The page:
Sandias from Bosque by Rick Robb is licensed under a Creative Commons Attribution 3.0 Unported License.
(This paper was written for a class in 2005)
In an introduction to the recently published Field Guide to the Sandias, authors Robert Julyan and Sue Bohannon Mann inform us that the Albuquerque area is made up of seven different “life zones” or “vegetation zones.” Four of these zones occur within what is commonly accepted as the Sandia Mountain range. Our textbook discusses vertical zonation in which “significant elevational changes in short horizontal distances cause various plant associations to exist in relatively narrow zones on mountain slopes” (McKnight – 289). The concept is that there is a distinct correlation between altitudinal and poleward-longitudinal travel regarding floristic associations.
Julyan and Mann state that the change in vegetation experienced in traveling from the foothills to Sandia Crest is equivalent to driving along the California coast from San Diego north to British Colombia – about 1500 miles” (Julyan – 3).
The authors note that slope and exposure also influence where plants will occur within these zones. The ubec slopes on the north end tend to be cool and moist, whereas the south’s adret slopes are sunny and arid. Diverse soils, as well as a disturbance history, create hundreds of plant communities throughout the region. In addition, vegetation zones on the east side of the mountains will generally occur two hundred feet higher on the west side, due to the latter’s exposure and drier climate.
Zones designations in the Field Guide are based on the predominant tree species in a particular zone and roughly correspond with zones mentioned on page 290 in our textbook. At 6,000 to 7,500 feet is the Piñon-Juniper or “Upper Sonoran” zone. This most widespread of the state’s vegetation types is characterized by hot summers and mild winters, with moderate precipitation and high evaporation. Flowers, shrubs and grasses are extremely important in this zone for holding the soils and preventing erosion. Aside from its namesakes, typical fauna include various cacti, chamisa, Gambel oak and Apache plume. In areas of water, cottonwood and box elder will also appear.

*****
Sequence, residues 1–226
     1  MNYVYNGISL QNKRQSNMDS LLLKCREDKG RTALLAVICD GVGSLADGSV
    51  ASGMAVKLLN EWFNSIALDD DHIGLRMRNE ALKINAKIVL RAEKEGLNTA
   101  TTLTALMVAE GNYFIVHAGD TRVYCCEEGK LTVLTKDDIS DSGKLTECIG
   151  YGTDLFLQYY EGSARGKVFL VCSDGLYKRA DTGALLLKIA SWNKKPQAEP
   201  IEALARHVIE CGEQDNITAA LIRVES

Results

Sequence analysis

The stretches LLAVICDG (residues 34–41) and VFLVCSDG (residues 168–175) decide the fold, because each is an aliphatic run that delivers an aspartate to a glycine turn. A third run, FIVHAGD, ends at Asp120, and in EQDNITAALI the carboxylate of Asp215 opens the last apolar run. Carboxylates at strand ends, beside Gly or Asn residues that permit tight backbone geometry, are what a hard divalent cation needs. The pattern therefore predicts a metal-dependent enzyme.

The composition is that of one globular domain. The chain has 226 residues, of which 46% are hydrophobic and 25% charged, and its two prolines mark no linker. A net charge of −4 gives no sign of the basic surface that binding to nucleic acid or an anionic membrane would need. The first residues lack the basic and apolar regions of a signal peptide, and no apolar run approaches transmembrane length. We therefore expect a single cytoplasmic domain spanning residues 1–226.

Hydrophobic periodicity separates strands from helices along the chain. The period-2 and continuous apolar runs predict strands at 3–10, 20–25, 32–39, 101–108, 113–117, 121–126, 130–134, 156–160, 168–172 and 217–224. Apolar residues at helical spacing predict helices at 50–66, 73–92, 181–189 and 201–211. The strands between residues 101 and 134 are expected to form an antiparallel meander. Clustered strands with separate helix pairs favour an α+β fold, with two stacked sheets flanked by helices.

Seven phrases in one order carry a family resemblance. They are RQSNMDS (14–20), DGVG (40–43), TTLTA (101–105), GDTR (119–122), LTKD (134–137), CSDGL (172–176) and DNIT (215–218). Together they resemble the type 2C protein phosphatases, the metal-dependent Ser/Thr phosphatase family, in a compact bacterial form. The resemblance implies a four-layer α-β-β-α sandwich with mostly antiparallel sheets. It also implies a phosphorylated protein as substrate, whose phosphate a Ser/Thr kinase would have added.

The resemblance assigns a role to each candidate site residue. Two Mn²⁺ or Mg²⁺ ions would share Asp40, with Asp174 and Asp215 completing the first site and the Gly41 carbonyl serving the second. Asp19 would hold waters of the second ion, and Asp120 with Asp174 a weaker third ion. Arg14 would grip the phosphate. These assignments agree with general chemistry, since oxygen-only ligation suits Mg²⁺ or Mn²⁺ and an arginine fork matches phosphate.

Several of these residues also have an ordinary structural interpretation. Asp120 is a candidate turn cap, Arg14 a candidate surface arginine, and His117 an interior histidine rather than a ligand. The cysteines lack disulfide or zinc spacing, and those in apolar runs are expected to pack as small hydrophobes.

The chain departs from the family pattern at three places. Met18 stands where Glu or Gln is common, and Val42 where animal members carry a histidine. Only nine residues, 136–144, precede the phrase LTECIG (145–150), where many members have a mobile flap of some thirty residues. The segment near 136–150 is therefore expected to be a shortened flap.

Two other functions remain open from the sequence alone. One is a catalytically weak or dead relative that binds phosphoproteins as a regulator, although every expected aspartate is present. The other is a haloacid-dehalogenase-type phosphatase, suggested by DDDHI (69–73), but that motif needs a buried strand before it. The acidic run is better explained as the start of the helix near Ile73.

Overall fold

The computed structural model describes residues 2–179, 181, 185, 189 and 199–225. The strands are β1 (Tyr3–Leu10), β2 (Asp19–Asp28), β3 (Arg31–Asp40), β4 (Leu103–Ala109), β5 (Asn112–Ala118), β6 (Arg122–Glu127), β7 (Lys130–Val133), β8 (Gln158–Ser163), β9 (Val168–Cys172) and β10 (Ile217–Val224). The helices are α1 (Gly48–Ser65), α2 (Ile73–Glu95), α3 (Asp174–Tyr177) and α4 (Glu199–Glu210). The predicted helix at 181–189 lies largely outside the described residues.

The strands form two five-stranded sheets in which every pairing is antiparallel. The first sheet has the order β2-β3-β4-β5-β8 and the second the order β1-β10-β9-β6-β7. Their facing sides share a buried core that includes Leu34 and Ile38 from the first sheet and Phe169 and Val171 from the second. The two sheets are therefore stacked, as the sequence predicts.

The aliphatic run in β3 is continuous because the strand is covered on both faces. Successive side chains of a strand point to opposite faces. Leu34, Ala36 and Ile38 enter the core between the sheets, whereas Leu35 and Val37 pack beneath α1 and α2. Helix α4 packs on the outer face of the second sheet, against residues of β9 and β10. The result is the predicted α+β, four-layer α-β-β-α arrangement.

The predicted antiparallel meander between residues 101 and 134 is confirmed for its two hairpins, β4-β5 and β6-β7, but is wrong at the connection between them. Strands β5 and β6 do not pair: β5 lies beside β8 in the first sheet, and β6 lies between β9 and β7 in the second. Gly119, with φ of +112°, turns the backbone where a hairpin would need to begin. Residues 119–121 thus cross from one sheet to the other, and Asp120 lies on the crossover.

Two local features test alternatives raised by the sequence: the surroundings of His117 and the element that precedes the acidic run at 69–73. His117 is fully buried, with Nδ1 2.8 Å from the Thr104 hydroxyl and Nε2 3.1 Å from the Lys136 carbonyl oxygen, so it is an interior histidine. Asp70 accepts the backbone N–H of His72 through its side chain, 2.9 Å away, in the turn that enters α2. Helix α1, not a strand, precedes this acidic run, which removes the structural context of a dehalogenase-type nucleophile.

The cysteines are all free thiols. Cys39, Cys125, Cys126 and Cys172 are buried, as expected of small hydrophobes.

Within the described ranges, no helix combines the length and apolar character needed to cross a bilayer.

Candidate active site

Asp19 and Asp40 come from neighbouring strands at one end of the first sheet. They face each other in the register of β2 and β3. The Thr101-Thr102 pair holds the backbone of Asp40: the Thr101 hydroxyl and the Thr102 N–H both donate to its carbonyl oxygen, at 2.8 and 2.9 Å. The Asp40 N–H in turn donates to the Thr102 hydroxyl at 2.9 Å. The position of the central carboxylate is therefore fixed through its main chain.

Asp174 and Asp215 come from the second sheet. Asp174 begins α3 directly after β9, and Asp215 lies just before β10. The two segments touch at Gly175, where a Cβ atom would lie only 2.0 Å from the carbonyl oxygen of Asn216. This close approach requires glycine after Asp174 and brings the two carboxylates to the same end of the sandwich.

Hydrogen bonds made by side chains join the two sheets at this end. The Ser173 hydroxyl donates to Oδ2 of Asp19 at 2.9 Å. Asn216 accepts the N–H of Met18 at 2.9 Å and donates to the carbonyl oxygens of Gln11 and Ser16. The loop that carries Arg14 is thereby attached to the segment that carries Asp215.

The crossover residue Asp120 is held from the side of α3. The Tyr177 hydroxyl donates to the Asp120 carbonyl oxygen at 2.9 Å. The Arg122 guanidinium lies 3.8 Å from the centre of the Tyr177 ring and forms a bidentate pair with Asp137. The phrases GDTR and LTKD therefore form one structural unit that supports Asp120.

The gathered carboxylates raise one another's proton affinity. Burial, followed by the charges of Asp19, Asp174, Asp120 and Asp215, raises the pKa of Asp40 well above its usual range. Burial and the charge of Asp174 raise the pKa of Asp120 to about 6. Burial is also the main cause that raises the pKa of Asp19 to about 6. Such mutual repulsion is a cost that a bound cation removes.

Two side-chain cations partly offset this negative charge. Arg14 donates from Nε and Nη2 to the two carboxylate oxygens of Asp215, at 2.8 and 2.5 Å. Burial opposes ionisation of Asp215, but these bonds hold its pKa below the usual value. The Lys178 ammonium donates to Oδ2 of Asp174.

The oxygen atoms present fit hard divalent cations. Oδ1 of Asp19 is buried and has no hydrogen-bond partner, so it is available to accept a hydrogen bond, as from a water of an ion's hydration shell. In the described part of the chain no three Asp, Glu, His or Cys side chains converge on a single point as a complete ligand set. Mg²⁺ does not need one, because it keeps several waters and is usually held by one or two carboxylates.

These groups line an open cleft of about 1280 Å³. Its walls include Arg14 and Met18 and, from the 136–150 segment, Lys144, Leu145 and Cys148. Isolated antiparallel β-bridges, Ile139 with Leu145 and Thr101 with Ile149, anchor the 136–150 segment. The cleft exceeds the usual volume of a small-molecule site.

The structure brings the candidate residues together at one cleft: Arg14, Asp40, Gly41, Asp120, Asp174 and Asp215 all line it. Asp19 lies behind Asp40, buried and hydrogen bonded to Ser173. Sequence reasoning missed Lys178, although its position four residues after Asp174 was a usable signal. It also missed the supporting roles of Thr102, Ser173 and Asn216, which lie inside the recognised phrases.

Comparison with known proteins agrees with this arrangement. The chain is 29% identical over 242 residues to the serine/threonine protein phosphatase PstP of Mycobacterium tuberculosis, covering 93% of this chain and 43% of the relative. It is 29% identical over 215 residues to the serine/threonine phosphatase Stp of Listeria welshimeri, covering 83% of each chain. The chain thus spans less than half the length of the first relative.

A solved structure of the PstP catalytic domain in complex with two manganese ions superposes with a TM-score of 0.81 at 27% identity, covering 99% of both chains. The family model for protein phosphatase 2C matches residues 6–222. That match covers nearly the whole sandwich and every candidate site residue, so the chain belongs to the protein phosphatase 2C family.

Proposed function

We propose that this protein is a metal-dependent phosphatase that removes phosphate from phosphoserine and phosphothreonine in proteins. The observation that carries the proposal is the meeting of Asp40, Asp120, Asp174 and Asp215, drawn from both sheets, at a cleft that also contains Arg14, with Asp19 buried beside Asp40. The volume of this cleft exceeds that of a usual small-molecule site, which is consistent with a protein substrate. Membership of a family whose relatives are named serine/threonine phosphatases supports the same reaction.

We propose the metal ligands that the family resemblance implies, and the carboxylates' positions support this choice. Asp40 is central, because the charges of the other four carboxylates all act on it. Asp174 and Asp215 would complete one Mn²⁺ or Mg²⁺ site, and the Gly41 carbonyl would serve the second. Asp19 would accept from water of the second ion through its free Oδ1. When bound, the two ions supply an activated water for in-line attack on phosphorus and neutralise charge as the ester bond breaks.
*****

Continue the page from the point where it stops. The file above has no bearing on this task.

At 7,500 to 8,200 feet is the Pine Forest zone. Also known as the Transition Zone, this region is marked by mild summers and cold winters. Larger Ponderosa pines becomes the dominant conifer, replacing the shrubbier piñon and juniper. This zone has the greatest species diversity in the Sandias, including wildflowers, New Mexico locusts, and riparian willows.
In the aptly-named Mixed Conifer zone we see the introduction of a variety of fir trees, including Douglas, white, and subalpine firs as well as Engelmann spruce and common juniper. Deciduous trees include Rocky Mountain maples and quaking aspen. The latter tend to occur in disturbed and transition areas. Also known as the Canadian zone or the Fir-Aspen belt, this zone occurs from 8,000 to 9,800 feet. As a result of cool summers and cold winters combined with significant precipitation, wildflower displays are much more frequent in this zone; penstemons, wild geraniums, columbines and wallflowers being predominant.
The Spruce-Fir zone tops out the Sandias. Engelmann spruce, white fir, corkback fir, Douglas fir and limber pine are the prevailing species. Dendrochronologists have dated some of the area’s limber pines to the 5th century c.e., as well as a Douglas fir to 995 c.e. Cool summers and long cold winters, combined with an average precipitation of 30 inches, make this zone an interesting contrast to the city it overlooks.
Julyan, Robert, and Sue Bohannon Mann. Field Guide to the Sandias. Ed. Robert Julyan and Mary Stuever. Albuquerque, NM: University of New Mexico Press, 2005
McKnight, Tom L., and Darrel Hess. Physical Geography: A Landscape Appreciation. 8th Ed. Upper Saddle River, NJ: Prentice Hall-Pearson, 2005